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rational choice theory

barry hindess

Subject Sociology

DOI: 10.1111/b.9780631221647.2002.x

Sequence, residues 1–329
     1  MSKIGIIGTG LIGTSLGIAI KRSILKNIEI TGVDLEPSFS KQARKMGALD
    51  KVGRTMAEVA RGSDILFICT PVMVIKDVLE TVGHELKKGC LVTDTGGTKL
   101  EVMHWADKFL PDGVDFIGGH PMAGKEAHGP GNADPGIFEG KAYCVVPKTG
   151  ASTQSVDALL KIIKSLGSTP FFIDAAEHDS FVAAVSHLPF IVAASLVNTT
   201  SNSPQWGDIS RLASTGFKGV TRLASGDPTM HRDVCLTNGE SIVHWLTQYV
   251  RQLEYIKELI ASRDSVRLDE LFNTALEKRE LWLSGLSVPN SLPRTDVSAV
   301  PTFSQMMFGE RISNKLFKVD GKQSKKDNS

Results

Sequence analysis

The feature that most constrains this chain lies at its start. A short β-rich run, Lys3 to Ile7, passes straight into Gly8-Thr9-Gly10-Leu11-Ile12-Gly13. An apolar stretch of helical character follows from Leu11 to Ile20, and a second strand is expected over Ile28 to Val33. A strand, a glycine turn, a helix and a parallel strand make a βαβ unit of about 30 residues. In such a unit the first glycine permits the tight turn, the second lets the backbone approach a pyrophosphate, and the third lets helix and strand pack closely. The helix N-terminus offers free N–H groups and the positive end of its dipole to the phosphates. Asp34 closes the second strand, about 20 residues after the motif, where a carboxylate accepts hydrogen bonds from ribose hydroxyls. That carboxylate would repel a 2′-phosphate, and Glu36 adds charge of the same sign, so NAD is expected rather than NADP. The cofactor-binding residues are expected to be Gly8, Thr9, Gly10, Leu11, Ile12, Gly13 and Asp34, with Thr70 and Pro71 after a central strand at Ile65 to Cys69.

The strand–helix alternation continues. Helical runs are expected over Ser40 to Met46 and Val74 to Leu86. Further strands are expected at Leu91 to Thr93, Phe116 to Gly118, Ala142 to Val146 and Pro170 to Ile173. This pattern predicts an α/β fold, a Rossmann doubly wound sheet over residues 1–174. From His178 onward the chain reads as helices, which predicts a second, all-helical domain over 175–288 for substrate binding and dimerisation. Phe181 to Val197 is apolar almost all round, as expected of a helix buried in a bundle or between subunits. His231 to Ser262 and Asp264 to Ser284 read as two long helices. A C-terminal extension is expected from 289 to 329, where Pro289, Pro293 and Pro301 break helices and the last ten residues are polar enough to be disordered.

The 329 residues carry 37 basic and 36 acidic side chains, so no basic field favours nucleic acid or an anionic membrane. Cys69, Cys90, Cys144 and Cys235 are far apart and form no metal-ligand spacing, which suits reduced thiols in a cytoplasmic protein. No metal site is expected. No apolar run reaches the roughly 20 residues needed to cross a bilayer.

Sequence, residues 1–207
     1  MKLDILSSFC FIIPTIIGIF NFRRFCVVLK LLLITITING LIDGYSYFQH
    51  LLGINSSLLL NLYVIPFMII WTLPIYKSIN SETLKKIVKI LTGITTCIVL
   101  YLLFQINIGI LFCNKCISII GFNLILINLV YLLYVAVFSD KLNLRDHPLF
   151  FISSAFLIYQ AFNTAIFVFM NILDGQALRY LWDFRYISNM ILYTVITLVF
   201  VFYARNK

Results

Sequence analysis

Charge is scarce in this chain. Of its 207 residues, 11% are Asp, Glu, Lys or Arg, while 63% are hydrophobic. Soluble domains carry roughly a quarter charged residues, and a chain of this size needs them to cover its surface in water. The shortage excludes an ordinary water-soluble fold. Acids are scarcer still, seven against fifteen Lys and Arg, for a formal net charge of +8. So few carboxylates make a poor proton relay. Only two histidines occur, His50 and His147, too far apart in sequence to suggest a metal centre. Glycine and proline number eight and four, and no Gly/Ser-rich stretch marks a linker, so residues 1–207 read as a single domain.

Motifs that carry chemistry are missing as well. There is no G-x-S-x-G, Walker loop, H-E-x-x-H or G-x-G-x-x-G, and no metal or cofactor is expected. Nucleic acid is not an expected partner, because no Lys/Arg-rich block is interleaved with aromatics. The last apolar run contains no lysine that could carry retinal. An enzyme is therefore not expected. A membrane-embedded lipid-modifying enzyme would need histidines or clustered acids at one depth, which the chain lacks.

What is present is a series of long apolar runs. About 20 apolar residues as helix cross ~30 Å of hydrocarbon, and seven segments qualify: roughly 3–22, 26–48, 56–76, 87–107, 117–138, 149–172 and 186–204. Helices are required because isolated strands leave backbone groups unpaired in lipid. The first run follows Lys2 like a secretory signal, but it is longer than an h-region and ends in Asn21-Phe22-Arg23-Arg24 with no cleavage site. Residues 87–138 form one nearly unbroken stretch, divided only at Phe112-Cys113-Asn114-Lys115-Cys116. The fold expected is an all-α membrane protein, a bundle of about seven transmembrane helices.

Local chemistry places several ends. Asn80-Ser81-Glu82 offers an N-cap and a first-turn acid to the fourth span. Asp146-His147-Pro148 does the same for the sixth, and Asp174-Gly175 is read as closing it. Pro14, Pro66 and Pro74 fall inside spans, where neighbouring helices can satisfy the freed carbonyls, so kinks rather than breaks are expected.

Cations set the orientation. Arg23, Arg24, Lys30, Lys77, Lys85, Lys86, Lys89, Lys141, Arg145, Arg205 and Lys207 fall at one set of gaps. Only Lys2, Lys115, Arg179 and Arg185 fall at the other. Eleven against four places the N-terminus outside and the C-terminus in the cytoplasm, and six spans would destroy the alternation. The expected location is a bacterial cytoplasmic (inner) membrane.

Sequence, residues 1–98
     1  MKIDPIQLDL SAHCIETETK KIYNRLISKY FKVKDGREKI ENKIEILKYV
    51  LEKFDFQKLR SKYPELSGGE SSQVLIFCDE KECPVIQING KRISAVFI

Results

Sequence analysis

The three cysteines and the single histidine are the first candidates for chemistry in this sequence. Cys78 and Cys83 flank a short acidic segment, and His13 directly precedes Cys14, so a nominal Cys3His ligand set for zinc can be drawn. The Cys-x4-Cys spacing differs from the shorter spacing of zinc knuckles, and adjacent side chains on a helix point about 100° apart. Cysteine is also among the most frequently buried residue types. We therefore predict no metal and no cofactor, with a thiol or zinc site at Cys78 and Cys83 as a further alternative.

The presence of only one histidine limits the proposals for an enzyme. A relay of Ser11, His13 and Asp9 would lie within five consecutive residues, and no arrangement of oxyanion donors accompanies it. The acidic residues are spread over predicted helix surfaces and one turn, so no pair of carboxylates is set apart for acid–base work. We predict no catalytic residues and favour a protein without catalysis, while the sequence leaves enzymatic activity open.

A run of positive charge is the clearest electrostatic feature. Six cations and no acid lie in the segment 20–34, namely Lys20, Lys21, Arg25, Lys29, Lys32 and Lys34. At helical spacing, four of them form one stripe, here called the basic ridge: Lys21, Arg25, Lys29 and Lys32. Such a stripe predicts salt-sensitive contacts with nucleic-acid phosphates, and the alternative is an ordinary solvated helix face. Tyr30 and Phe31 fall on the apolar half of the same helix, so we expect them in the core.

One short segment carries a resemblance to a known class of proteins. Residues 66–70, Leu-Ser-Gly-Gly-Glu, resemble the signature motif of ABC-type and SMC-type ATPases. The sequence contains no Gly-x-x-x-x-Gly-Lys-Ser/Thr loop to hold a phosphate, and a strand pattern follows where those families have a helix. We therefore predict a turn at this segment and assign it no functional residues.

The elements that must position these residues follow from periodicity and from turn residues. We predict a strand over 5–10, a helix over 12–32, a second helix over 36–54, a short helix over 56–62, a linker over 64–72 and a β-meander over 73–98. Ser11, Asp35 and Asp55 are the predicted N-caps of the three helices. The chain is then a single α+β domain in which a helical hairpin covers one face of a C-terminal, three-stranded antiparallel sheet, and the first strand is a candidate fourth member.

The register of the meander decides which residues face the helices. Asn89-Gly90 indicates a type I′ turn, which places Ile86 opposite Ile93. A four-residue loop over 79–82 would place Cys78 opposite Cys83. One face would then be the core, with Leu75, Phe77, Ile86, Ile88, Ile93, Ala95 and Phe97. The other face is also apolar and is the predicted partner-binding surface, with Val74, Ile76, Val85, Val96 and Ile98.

Until recently, most historically informed social scientists would have taken for granted some version of Max Weber's claim that the spread of instrumental reason throughout all areas of social life was a distinctive feature of the modern West. To the extent that it suggests the superiority of the West over other civilizations, this view has been disputed by post-colonial critics. But it has also been challenged, from a very different direction, by the central claim of rational choice theory: namely, that the greater part of social life can be explained by means of models of individual rational action. Rationality has been understood in many different ways, but in this case it is understood in utilitarian terms as a matter of maximizing the satisfaction of the individual's preferences. Models of maximizing behaviour are widely used in contemporary economics, and rational choice theory proposes to extend that ‘economic’ approach to all areas of social life, hoping thereby to generate powerful explanations on the basis of a few, relatively simple assumptions. Outside of economics proper, influential examples can be found in public choice theory and other areas of political science, in sociology and even within academic Marxism. Rational choice theorists have been particularly concerned to explore the discrepancy between the rationality, as they see it, of individual actors and the ... log in or subscribe to read full text

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